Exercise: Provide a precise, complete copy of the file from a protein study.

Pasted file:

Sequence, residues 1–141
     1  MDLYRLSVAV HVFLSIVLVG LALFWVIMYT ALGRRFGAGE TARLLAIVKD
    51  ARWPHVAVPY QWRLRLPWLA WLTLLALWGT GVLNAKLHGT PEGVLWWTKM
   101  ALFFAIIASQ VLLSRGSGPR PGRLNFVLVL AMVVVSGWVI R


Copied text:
Sequence, residues 1–141
     1  MDLYRLSVAV HVFLSIVLVG LALFWVIMYT ALGRRFGAGE TARLLAIVKD
    51  ARWPHVAVPY QWRLRLPWLA WLTLLALWGT GVLNAKLHGT PEGVLWWTKM
   101  ALFFAIIASQ VLLSRGSGPR PGRLNFVLVL AMVVVSGWVI R